June 29, 2020: In Sudan, the transitional government has arrested former Foreign Minister Ibrahim Ghandour. The government also announced that several senior members of the National Conference Party and the Islamic Movement were arrested on similar charges. The Islamic Movement is now officially dissolved. Media reports claimed Ghandour was suspected of planning “sabotage” acts. Those reports echoed a statement by the opposition FFC coalition which claimed that pro-military government leaders and organizations were planning to launch a military coup.

In South Sudan president Kiir appointed governors for eight of the country’s ten states. Two of the eight appointed were selected by the SPLM-IO, the former rebel coalition that made peace and now runs parts of the government. The other six governors were selected by Kiir’s government. Kiir also appointed chief administrators for the Abyei, Pibor and Ruweng special areas. One of the newly appointed governors was a woman, Sarah Cleto Hassan of Ghar el Ghazal state. Critics pointed out that the 2018 peace agreement stipulated that 35 percent of posts in the South Sudan unity government would be filled by women. The SPLM-IO has yet to name the governor of Upper Nile state. The South Sudan Opposition Alliance (SSOA) was supposed to select the governor of Jonglei state but may not do it. The SSOA contends it should have been given the right to name the governor of Upper Nile state.

In eastern South Sudan (Jonglei state) months of ethnic and clan violence About two thousand have died so far and several hundred died since late June.

June 28, 2020: In eastern Sudan (Darfur) security forces arrested over 120 people suspected of agreeing to go fight as mercenaries in neighboring Libya. A senior Rapid Support Forces (RSF) officer claimed that 72 of the people arrested were members of the Sudanese Awakening Revolutionary Council, a militant group commanded by the former janjaweed militia leader Musa Hilal, who faces UN sanctions for his actions in Darfur. He is currently under arrest in the capital (Khartoum). Several of the militiamen arrested face charges of attacking a military post and recruiting child soldiers. Sudan transitional government vehemently denies charges that Sudanese forces are involved in Libya’s ongoing civil war.

June 25, 2020: In eastern South Sudan, tribal warfare continued in what used to be Boma State but recently renamed the Greater Pibor Administrative Area. The Pibor area has oil fields. Peacekeepers are protecting nearly 10,000 civilian refugees at its base in Pibor. Several towns in the area have suffered heavy damage from the tribal warfare. Cattle raiding is the main cause of the latest violence which has forced thousands of people to flee their homes to avoid the fighting. Several thousand of these civilians are literally living “in the bush” without shelter. Since May armed Murle and Lou Nuer tribesmen have been fighting near Pibor and its oil fields.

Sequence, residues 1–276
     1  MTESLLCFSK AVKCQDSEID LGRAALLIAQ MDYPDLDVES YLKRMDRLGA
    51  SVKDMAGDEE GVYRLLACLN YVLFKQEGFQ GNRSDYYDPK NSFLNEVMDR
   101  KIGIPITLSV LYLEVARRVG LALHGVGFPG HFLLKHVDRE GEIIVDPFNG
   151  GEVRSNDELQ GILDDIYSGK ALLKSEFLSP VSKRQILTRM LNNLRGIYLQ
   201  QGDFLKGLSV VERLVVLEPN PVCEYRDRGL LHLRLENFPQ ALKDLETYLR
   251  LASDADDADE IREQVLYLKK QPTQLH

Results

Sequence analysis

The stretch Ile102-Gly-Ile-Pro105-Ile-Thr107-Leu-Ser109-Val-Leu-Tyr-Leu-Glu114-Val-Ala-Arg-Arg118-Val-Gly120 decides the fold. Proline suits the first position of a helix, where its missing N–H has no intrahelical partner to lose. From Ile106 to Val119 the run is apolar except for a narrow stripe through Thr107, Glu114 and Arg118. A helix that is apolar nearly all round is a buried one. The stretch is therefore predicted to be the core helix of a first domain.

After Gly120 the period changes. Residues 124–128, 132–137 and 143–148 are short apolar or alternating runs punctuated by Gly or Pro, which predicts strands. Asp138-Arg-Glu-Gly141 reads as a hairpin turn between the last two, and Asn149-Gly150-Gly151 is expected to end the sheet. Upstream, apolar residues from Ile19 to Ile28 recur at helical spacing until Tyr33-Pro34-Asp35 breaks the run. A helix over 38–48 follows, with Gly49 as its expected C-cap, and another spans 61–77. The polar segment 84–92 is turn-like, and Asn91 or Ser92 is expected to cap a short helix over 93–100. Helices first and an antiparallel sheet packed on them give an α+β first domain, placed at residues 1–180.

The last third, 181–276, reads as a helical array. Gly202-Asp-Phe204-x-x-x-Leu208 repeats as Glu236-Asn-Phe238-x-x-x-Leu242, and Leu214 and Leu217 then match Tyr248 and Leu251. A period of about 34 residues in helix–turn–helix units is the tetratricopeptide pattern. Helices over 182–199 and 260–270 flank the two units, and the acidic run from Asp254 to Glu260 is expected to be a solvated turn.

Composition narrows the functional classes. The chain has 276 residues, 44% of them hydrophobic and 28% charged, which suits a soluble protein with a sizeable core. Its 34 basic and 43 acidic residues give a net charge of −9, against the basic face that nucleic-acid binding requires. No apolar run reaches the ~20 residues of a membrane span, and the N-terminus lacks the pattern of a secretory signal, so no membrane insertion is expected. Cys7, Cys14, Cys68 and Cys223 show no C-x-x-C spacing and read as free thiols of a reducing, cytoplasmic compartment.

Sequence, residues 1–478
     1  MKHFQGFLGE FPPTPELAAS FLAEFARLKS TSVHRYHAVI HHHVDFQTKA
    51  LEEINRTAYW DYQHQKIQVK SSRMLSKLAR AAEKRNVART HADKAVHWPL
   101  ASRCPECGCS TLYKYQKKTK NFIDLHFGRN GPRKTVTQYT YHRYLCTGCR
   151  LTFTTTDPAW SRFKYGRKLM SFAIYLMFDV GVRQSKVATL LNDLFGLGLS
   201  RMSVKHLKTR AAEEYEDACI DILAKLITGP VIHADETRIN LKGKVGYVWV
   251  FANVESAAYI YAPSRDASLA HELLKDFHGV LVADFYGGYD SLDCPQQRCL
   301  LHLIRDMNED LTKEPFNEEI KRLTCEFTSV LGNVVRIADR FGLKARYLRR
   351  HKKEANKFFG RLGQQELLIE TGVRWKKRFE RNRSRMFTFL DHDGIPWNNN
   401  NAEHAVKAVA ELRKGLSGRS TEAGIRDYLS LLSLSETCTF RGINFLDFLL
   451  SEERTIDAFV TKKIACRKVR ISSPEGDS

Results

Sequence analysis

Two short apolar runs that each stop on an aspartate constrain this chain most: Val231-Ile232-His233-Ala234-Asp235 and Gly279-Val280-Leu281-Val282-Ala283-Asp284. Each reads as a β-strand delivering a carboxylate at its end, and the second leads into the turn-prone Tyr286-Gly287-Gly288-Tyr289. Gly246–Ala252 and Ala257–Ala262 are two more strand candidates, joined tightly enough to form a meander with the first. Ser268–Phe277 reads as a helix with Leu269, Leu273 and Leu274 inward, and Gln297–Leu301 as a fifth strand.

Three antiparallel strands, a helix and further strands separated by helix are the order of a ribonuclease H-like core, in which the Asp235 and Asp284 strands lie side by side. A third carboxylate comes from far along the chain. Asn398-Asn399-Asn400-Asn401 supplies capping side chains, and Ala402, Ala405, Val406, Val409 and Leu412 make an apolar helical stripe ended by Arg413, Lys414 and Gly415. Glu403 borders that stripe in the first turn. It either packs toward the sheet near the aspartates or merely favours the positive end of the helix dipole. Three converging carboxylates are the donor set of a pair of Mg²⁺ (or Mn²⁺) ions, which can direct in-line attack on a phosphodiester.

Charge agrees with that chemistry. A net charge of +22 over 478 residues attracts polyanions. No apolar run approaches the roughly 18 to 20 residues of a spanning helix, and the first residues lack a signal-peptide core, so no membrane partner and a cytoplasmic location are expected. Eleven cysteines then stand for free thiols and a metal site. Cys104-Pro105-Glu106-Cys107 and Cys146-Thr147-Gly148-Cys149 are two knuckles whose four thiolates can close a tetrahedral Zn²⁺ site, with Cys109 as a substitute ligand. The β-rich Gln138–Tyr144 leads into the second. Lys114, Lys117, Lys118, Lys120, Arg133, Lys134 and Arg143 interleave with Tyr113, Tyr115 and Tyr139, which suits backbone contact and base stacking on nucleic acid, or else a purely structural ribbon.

June 23, 2020: In eastern Sudan, Qadarif state soldiers defended the Anfal military camp from an attack by Ethiopian troops. There was no information on the size of the attack. Sudan and Ethiopia are currently discussing a border demarcation disagreement. In May three Sudanese soldiers stationed in the area were killed in an incident involving Ethiopian forces.

June 21, 2020: Sudanese officials believe that the United States will completely lift sanctions only when a new government is elected. That is supposed to take place in three years. Sudanese media report the U.S. has given Sudan a six-step plan for normalizing relations and that senior Sudanese officials are aware of it. One of the requirements is reform of the security forces. The RSF and other militia-type forces must be under the direct command of the Sudanese military. The UN would supervise the “merger” of paramilitary organizations into the military. Sudan must also fight terrorism and permit religious freedom. Many Sudanese agree with all that but making it happen will be difficult because a lot of heavily armed and angry Sudanese are being asked to change the way they operate, including no longer receiving regular payments from the government.